The Super puts you on Double Probation, files an incident report, warns you the next time you are SOL. He's a sweating pink man with a face the color of prime rib, a face that should arrive with a tiny cup of horseradish. He gets even redder and puts his hand on your shoulder, breathing breath mints into your face, saying, "I don't like you. Not even a little. We don't jibe. Cannot relate. Legally, you can sit anywhere you like—I can't stop you—but this place runs on people working together, all kinds of people, diverse type people, which means they have their own strange customs and they'd be much happier—everyone would be happier—if you just left them all alone . . . OK?"
In your mind's eye, a scythe lops off his head.
Now, the super's head looms in pinkness and you need to stabilize yourself with deep breathing and relaxation techniques you learned in Special Ops. No, you were never in Special Ops. Techniques from an infomercial. Breathe deeply. Are you breathing deeply?
She's standing by the punch clock pulling off friction tape, surrounded by men in army fatigues. They scan her body with a metal detector, but you can't hear their comments. You want to walk up and tell her something . . . but instead you squeeze past and check out. Outside, the night sky is a fine spray of stars.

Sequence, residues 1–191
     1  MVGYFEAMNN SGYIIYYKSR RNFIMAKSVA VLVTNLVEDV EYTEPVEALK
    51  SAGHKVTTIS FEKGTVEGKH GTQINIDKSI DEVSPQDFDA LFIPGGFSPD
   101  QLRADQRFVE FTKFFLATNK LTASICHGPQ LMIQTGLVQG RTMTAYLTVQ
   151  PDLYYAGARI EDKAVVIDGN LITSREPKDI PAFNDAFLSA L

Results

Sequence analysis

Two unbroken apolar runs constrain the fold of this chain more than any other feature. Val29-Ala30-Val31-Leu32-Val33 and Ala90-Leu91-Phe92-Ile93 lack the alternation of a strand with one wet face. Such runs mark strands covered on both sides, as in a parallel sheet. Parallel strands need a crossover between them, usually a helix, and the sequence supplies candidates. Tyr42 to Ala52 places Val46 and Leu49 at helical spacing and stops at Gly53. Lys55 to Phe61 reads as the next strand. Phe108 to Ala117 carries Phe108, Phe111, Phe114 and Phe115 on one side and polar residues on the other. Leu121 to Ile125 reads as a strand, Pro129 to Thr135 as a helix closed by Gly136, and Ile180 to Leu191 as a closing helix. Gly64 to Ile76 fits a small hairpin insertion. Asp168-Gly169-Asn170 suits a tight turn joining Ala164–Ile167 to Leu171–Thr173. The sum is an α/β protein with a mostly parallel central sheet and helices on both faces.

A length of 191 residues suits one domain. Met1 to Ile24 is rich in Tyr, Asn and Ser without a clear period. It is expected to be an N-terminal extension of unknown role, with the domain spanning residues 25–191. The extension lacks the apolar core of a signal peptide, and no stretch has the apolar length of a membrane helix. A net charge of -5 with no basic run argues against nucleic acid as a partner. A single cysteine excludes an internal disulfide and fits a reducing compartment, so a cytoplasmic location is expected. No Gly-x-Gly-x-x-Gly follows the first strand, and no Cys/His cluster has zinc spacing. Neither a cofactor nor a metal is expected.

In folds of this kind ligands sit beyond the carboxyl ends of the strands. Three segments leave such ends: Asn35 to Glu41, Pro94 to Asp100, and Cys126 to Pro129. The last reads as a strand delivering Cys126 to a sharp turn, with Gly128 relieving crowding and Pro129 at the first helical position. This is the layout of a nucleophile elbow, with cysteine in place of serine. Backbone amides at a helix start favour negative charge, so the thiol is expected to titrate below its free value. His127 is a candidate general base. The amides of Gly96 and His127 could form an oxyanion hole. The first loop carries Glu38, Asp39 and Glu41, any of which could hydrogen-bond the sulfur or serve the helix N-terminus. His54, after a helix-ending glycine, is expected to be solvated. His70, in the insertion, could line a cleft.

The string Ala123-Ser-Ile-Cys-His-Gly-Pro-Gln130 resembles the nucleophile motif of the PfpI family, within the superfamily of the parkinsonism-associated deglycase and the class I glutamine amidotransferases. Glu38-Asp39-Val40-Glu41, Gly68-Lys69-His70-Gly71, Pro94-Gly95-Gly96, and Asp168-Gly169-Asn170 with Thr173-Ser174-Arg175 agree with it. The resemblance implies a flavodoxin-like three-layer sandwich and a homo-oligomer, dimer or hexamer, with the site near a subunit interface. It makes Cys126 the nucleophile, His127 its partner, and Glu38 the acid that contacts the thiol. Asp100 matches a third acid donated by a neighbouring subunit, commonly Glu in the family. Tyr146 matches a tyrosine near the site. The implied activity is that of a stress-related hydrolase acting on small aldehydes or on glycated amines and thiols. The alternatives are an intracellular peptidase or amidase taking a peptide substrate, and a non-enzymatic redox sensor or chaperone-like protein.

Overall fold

The ice-cream truck is waiting by the curb, and inside, in the glow of an overhead light, Balaganda's husband studies an engineering textbook.
You frisk yourself for your keys and hear something in the bushes. Raymond is hiding behind a ragged Scotch broom.
"I see you, Raymond," you say. "Your boot."
"Come on, Ray."
"Fuck you, man. They got your little foreign chick."
"Sure, Ray. Sure thing. I'm going home."
You drive home through dark rain-slickened streets with the radio playing, long-distance dedications drowning out the hissing tires and this desolate stretch of the city, and you hum along, streaming past these weak yellow lights of all-night convenience stores, carpet warehouses, porn shops, bars stinking of the special loneliness of swing shifters, until you finally rise from the city on an overpass that coils left as you shift gears and punch in another radio station in one gorgeous fluid movement.
At home you doze off in your easy chair facing the War, but you dream of beautiful lotus blossoms drifting down the Ganges, smoke rising in shrouds from funeral pyres, ashen sadhus with brilliant white teeth. And somewhere, somewhere in the land of secrets, an elephant stands silently in a moonlit field.
Freelance illustrator Robert Rini recently showed his work at Roq la Rue Gallery. He plays guitar in the garage band the Simpletones and once operated the Big Machines at the Mail Annex, the setting for this story.